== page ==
Tooth infections, also known as dental abscesses, are a common dental problem that can cause significant discomfort and potentially lead to serious health issues if left untreated.
Understanding the symptoms of a tooth infection, how it is treated, and when to seek professional dental care is crucial for maintaining your oral health and overall well-being. In this blog post, we will explore:
- What a tooth infection is
- Tooth infection symptoms
- The available treatments
- When it’s time to call your dentist for help
Keep reading to get your tooth abscess under control!
What Is a Tooth Infection?
A tooth infection, or dental abscess, occurs when bacteria invade the pulp, the innermost part of a tooth that houses nerves and blood vessels. This infection can result from various factors, such as untreated cavities, cracked teeth, gum disease, or dental procedures.
When bacteria infiltrate the pulp, they multiply rapidly, leading to the formation of pus and an abscess. This accumulation of pus can put pressure on the surrounding tissues, causing intense pain and other symptoms.
6 Symptoms of a Tooth Infection
Are you wondering if you are dealing with an infected tooth? Here are 6 of the most common signs.
1) Severe Toothache
One of the most common and noticeable symptoms of a tooth infection is a sharp and throbbing toothache. This pain is typically localized to the infected tooth and can be triggered or worsened by chewing, temperature changes, or pressure on the tooth.
2) Swelling of the Face or Jaw
As the infection progresses, you may notice swelling in the affected area. Swelling can be mild at first but may become more pronounced as the abscess enlarges. It can lead to facial or jaw swelling, which may be accompanied by redness and warmth around the affected tooth.
3) Sensitivity to Hot and Cold
Tooth sensitivity to hot and cold temperatures is a common early sign of a tooth infection. You might experience a sharp, shooting pain when consuming hot or cold foods and beverages.
4) Bad Breath and Unpleasant Taste
Bacteria in the abscess produce foul-smelling gases, which can result in bad breath or an unpleasant taste in your mouth that persists despite regular oral hygiene practices.
5) Pus Drainage
In some cases, a tooth infection can cause the abscess to rupture, leading to pus drainage. This can alleviate some of the pressure and provide temporary relief from pain, but it’s crucial to understand that this does not mean the infection has resolved. Professional dental care is still needed.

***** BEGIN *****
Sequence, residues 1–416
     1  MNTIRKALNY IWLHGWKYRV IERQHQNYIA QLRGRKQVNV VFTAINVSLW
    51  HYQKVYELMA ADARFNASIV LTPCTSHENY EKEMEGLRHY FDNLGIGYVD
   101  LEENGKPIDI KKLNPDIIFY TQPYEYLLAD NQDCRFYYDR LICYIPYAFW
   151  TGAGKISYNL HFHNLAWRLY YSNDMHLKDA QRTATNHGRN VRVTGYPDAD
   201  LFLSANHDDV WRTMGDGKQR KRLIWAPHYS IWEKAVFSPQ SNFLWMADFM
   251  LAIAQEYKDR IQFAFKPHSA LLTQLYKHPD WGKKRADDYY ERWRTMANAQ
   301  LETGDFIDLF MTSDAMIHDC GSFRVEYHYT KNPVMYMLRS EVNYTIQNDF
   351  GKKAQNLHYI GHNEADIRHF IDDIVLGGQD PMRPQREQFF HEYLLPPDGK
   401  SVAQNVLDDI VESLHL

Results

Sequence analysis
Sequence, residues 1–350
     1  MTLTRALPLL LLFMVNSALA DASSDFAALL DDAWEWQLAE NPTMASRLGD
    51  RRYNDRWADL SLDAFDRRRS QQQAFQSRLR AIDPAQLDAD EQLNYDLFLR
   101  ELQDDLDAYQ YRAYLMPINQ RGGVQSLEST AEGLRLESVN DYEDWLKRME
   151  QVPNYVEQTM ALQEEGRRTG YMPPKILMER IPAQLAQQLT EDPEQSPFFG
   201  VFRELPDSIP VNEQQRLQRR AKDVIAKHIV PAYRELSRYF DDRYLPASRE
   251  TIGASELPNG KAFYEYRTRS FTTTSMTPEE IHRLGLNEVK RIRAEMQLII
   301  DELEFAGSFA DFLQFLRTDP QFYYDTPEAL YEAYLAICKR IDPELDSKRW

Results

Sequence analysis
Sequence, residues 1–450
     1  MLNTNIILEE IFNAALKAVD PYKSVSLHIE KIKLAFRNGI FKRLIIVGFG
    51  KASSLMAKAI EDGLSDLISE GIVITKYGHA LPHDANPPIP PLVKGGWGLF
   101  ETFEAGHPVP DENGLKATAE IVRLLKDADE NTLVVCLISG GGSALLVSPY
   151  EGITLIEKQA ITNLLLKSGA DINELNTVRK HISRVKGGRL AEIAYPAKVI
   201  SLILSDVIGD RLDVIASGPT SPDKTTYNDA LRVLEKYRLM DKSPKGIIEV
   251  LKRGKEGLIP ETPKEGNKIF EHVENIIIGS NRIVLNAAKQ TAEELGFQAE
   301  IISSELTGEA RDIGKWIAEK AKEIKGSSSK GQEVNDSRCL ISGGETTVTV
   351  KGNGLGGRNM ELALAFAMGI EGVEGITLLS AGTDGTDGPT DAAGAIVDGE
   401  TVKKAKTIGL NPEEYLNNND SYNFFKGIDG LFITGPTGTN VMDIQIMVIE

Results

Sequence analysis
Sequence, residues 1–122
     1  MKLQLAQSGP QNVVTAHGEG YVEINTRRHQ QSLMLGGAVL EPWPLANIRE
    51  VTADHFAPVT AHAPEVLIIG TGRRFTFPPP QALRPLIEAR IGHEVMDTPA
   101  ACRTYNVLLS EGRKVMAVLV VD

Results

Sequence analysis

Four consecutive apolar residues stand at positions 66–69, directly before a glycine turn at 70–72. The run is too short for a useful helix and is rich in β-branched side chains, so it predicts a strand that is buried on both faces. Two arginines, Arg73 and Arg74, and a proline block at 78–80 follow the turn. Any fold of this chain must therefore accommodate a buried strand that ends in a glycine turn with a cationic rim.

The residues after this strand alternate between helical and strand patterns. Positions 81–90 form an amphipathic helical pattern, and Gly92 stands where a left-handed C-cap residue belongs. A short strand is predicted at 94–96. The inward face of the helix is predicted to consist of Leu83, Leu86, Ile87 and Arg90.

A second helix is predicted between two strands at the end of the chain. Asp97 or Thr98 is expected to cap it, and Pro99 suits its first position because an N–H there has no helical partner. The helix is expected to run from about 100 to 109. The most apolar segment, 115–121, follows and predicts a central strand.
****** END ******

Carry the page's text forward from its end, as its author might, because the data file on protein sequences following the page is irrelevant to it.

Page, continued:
6) Fever and General Discomfort
If the infection spreads beyond the tooth and into the surrounding tissues, you may develop a fever and experience general discomfort or malaise.
How a Tooth Infection Is Treated
Treating a tooth infection typically involves a combination of dental procedures and medications. The specific treatment plan depends on the severity of the infection and its underlying cause. Here are some common approaches:
- Drainage of the Abscess: When an abscess is present, the first step is often to drain it. Your dentist will make an incision to release the pus and relieve pressure. This can provide immediate relief from pain and facilitate the healing process.
- Root Canal Therapy: For teeth with infected pulp, root canal therapy may be necessary. This procedure involves removing the infected pulp, cleaning the root canal, and sealing it to prevent further infection. A dental crown is often placed on the treated tooth to restore its strength and function.
- Antibiotics: In some cases, your dentist may prescribe antibiotics to help combat the infection, especially if it has spread beyond the tooth. Antibiotics are typically used in conjunction with other treatments to ensure the infection is completely eliminated.
- Pain Management: Over-the-counter pain relievers like ibuprofen or acetaminophen can help manage the pain associated with a tooth infection. Your dentist may also prescribe stronger pain medications if necessary.
When to Call Your Dentist
Knowing when to seek professional dental care is essential when dealing with a tooth infection. Delaying treatment can lead to complications and exacerbate your symptoms. Here are some signs that indicate it’s time to call your dentist:
- Persistent Severe Pain: If you’re experiencing intense and persistent tooth pain that doesn’t improve with over-the-counter pain relievers, it’s a clear sign that you should contact your dentist.
- Swelling and Fever: Swelling of the face or jaw, along with a fever, suggests that the infection may have spread. This is a serious concern, and you should seek immediate dental care.
- Difficulty Swallowing or Breathing: In rare cases, a severe dental abscess can cause difficulty in swallowing or breathing due to extensive swelling. This is a medical emergency, and you should go to the nearest emergency room.
- Dental Trauma: If you’ve had recent dental trauma or a cracked tooth and suspect an infection, it’s essential to consult your dentist promptly to prevent complications.
- Pus Drainage: While spontaneous pus drainage may temporarily alleviate symptoms, it does not eliminate the infection. It’s crucial to see your dentist to address the underlying issue.
Get Your Abscessed Tooth Diagnosed
A tooth infection can be a painful and concerning dental problem. Recognizing the symptoms and understanding when to seek professional dental care is crucial for timely treatment and preventing complications. If you experience severe tooth pain, swelling, or any other concerning symptoms associated with a tooth infection, don’t hesitate to contact your dentist.
Do you need speedy dental treatment from a team you can trust? Wayzata Dental can help. Contact us today to set up your appointment.